(USA population trend. Source: worldpopulationreview)
(Canada population trend. Source: worldpopulationreview)
◎ The population graphs of most countries show no change in trend, either rising or falling, but there are two countries with large points of change in the middle of the graph: Venezuela in South America and Ukraine in Eastern Europe. Venezuela experienced a population decline over the last five years but is expected to increase again.
(Venezuela population trend. Source: worldpopulationreview)
The Ukraine's population has also been declining since the 1990s due to people fleeing poverty and corruption. The United Nations estimates that Ukraine could lose nearly one-fifth of its population by the 2050s.
(Ukraine population trend: worldpopulationreview)
(See the above links)
For population growth to be a blessing to mankind
UN Secretary-General Antonio Guterres sent a congratulatory message: “The achievement of 8 billion people is an occasion for us to celebrate human diversity, recognize our common humanity, and marvel at the advances in health that have extended lifespans and dramatically reduced maternal and child mortality. At the same time, it reminds us of our collective responsibility to care for the planet.”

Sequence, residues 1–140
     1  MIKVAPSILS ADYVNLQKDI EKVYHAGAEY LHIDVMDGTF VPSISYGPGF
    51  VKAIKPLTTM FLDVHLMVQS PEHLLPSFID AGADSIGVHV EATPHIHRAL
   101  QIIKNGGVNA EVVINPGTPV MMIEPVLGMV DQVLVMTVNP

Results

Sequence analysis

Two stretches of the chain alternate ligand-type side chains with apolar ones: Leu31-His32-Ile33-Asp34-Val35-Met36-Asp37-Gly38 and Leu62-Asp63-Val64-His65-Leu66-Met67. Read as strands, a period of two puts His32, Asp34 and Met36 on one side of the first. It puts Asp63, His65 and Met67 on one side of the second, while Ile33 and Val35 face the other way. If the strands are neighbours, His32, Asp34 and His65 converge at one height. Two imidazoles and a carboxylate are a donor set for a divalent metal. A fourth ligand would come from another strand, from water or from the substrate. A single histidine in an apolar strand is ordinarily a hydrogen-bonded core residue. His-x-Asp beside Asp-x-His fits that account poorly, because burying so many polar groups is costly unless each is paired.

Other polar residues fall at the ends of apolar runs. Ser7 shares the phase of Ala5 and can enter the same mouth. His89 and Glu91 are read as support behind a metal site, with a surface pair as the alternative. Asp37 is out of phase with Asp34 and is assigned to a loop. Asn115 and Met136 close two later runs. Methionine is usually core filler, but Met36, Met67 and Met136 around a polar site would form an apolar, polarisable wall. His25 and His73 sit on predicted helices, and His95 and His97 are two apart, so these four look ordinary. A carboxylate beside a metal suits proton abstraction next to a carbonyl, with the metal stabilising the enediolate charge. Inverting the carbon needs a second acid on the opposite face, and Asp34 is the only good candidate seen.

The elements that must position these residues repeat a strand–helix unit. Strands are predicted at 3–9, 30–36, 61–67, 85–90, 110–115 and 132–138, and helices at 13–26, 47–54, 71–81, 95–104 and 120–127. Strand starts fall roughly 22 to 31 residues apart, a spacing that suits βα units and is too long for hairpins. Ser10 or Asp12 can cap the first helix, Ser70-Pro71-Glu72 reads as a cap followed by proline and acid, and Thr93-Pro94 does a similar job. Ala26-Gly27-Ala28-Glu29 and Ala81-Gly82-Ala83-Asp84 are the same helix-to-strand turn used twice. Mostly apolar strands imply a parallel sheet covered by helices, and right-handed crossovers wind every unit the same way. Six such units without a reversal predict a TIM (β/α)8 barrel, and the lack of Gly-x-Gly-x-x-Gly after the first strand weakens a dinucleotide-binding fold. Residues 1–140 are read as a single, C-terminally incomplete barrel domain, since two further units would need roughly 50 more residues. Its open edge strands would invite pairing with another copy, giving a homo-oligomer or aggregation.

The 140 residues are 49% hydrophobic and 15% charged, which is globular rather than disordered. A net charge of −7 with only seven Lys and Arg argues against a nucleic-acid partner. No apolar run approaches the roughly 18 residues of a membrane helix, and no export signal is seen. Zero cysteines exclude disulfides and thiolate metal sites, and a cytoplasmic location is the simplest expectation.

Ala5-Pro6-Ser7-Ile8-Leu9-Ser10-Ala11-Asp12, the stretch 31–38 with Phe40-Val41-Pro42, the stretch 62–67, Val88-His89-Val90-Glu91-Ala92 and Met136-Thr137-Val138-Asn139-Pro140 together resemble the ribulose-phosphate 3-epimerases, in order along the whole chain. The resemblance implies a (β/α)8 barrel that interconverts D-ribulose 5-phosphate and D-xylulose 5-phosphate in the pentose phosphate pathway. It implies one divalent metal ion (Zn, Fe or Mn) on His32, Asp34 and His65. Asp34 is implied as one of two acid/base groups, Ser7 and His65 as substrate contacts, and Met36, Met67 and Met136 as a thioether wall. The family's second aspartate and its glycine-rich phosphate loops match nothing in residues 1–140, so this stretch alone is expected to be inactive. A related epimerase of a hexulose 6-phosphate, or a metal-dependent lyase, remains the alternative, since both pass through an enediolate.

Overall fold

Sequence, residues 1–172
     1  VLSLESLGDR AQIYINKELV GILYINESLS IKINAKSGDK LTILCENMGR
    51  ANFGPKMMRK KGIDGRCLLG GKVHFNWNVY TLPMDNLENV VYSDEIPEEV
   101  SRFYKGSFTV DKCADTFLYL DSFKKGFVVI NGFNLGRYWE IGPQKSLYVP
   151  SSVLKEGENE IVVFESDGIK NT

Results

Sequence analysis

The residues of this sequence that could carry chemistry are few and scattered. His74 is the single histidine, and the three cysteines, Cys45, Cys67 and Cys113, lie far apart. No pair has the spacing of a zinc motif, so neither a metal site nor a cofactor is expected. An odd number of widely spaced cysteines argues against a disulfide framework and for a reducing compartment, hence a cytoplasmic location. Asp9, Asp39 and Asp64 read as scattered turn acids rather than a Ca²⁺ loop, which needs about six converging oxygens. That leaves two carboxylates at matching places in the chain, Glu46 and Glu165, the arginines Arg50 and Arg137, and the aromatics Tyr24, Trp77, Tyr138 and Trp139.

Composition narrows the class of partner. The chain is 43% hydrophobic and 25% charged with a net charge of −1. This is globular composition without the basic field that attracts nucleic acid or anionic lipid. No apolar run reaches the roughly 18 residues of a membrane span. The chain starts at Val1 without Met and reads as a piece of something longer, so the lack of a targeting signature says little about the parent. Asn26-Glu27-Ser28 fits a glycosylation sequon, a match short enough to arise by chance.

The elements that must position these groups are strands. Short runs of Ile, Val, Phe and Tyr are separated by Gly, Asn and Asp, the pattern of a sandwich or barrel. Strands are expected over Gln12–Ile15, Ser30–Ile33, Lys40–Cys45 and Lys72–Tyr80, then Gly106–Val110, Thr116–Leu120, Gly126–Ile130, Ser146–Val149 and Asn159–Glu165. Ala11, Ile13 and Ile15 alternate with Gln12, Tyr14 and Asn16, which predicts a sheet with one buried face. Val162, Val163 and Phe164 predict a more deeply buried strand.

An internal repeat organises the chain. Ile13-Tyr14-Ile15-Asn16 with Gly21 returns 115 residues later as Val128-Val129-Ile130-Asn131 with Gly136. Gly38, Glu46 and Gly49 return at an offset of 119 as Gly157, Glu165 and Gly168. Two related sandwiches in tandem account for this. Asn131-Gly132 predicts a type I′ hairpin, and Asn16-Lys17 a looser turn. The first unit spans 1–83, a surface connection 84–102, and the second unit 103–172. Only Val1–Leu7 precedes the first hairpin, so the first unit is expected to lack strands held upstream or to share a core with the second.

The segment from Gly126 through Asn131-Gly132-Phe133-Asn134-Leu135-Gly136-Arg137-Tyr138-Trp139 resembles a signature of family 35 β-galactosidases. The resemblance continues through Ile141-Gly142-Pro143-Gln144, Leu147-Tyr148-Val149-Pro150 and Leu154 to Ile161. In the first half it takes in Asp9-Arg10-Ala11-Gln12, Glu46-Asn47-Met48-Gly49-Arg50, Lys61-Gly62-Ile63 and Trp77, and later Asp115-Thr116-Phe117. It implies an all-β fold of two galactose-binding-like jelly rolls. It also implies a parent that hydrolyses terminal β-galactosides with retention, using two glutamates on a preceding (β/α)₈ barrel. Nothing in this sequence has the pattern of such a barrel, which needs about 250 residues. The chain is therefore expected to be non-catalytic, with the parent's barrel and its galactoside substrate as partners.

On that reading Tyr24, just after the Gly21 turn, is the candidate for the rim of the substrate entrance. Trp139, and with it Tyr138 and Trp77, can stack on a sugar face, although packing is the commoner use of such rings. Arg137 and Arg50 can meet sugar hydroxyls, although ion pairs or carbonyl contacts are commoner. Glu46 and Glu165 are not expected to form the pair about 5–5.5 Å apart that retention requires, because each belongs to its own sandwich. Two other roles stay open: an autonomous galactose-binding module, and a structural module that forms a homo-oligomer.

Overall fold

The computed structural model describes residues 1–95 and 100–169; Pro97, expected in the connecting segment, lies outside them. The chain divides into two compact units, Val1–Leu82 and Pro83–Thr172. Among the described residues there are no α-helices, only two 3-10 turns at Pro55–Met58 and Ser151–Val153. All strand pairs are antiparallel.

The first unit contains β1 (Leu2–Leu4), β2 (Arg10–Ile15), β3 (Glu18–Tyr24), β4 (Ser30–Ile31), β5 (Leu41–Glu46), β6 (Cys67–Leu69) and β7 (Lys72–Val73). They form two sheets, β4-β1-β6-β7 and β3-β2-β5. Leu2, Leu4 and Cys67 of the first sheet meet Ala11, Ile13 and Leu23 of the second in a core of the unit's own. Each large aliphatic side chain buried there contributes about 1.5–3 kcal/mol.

Is the increasing number of people on Earth positive or negative? What is clear is that explosive population growth can pose a threat to humanity. In fact, Egypt, the host country of the recently held 27th UN Framework Convention on Climate Change (COP27), put "How rapid population growth can exacerbate the country's vulnerability to respond to climate change" as an important agenda item. According to the Washington Post (WP), the Egyptian government considers population growth a serious security threat and is pushing for birth control at a cost of millions of dollars.
Population growth is a real problem on a global scale. It is time for all of us to think about ensuring that population growth is conducive to the sustainable development of the planet and does not become a cause of global inequality.